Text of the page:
• You don't need batteries in anything. Lee makes a great balance beam style powder scale. It works fine. Similarly, you don't need a digital caliper. Dial or vernier based calipers are wonderful and work fine.
  • If you're going to cut corners anywhere, the place to do so is case prep. Yes, your cases should be generally clean and whole and conform to specification but they don't all have to shine like the sun. As long as there's no additional grit or crud stuck anywhere and the brass isn't too stretched out (usually not a problem with pistol loads anyway) the sizing die will take care of the rest.

Plan on having fun with this. Yes, starting tiny will be slow but there are two major advantages. The first is that you will get a real, hands-on grounding in how the whole thing works. When you have personally, painstakingly measured every grain of powder after individually seating that one primer, and carefully seated a bullet, measuring everything with calipers, the process will become ingrained. When you have done it in five different test loads and seen and felt the difference at the range, you will start to develop a feel for what actually happens. Then you can start to daydream about all the fancy toys you can buy to make your process better. I would bet that one of the first would be one of those hand lever primers, because they make priming a much less fiddly job, and much faster. A cheap, simple, single upgrade which you will appreciate and understand because you started small and understand what role it plays in the process.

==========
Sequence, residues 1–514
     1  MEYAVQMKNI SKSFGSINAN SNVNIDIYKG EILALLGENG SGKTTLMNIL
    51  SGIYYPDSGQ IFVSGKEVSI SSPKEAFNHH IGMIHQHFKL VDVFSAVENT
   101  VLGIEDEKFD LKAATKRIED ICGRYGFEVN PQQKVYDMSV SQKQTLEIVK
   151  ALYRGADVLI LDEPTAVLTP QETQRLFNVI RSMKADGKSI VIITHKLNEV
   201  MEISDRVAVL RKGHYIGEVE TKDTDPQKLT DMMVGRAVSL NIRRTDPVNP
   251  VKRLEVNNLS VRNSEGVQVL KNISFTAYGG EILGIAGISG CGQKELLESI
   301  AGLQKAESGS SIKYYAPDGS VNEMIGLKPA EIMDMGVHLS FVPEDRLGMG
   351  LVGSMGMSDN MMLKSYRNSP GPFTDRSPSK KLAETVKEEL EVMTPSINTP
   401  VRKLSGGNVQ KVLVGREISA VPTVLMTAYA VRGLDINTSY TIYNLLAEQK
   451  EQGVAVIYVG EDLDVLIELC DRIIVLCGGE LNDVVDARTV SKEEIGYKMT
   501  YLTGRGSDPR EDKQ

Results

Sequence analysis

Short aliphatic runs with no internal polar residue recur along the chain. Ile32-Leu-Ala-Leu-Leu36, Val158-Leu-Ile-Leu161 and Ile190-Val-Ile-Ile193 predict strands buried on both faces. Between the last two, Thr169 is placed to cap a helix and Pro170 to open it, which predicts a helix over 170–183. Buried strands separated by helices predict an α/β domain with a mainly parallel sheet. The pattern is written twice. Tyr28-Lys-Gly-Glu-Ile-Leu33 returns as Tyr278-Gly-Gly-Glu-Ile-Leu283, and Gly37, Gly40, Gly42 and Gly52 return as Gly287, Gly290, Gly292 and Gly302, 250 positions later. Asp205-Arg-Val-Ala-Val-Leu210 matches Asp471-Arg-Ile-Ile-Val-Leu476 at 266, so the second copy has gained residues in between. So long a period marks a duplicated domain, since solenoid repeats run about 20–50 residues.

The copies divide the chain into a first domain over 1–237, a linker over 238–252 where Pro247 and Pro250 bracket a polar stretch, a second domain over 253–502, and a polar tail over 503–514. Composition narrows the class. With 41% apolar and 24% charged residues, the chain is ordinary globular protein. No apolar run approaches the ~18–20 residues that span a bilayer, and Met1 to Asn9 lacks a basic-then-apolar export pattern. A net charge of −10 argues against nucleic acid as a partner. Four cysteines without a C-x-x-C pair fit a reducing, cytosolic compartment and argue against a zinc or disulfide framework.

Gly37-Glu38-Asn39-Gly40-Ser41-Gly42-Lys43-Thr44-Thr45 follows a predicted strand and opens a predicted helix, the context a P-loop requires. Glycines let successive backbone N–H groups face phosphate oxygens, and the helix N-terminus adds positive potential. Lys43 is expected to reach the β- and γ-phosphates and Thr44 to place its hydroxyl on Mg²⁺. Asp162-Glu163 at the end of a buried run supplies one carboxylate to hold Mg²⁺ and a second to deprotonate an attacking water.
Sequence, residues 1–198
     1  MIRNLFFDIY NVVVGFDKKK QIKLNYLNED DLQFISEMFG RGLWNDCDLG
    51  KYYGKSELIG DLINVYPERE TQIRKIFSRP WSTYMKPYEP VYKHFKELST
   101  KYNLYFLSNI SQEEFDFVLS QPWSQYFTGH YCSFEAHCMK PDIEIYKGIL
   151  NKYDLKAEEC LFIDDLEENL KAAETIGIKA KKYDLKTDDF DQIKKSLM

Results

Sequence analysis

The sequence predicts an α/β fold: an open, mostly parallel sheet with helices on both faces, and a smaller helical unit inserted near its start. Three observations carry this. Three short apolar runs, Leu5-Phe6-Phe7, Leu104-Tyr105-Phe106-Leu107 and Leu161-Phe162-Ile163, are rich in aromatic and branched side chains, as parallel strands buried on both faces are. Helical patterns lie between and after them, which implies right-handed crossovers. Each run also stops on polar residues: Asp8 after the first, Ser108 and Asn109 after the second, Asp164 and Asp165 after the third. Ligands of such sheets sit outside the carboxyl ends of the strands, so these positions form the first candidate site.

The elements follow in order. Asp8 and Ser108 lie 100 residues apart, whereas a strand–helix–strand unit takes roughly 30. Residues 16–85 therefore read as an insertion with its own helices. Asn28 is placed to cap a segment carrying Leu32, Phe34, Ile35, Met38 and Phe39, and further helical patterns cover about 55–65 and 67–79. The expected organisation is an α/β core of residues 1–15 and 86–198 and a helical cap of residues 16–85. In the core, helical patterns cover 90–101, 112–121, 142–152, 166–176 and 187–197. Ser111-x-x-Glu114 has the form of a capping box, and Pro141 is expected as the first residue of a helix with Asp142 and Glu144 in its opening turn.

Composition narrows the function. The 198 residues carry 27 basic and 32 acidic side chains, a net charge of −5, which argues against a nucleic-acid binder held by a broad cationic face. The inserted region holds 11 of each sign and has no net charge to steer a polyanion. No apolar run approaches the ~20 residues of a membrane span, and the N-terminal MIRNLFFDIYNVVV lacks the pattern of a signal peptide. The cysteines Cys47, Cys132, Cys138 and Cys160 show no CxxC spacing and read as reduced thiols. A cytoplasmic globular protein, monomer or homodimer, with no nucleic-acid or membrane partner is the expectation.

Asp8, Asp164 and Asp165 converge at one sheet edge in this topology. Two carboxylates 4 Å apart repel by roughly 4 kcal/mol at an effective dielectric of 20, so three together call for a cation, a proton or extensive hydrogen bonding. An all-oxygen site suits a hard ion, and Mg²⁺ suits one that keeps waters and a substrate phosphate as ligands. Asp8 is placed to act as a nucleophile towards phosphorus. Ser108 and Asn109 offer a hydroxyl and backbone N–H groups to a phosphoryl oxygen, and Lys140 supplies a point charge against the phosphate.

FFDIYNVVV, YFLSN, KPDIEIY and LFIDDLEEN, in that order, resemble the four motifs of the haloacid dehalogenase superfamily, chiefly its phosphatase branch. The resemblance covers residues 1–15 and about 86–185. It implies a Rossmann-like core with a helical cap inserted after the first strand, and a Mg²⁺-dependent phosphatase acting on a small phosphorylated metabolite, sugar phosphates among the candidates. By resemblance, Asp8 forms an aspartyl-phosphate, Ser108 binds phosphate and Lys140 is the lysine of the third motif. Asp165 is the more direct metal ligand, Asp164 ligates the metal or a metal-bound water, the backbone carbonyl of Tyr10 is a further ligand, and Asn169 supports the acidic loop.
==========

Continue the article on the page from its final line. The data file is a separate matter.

But, I'm rambling now ...
 

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You might as well also get the dies for .45ACP and .223 Remington. The dies are cheap enough, and can be used just as well in a hand press, a single stage, a turret or whatever you choose to get later. You will save money on them sooner rather than later if you're at all a regular shooter, so it's a sound investment.

Have you decided on your top list of powders yet? Also lay in a good supply of primers. You will go through them.
 

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If you're set up right, the hand press is also convenient at the range. Prepare 50 or 100 cases, prime them, but leave them empty. Bring powders, scale, bullets and hand press to the range. Set up your rifle, and gradually tweak your recipe one bullet at a time while your bore cools between shots.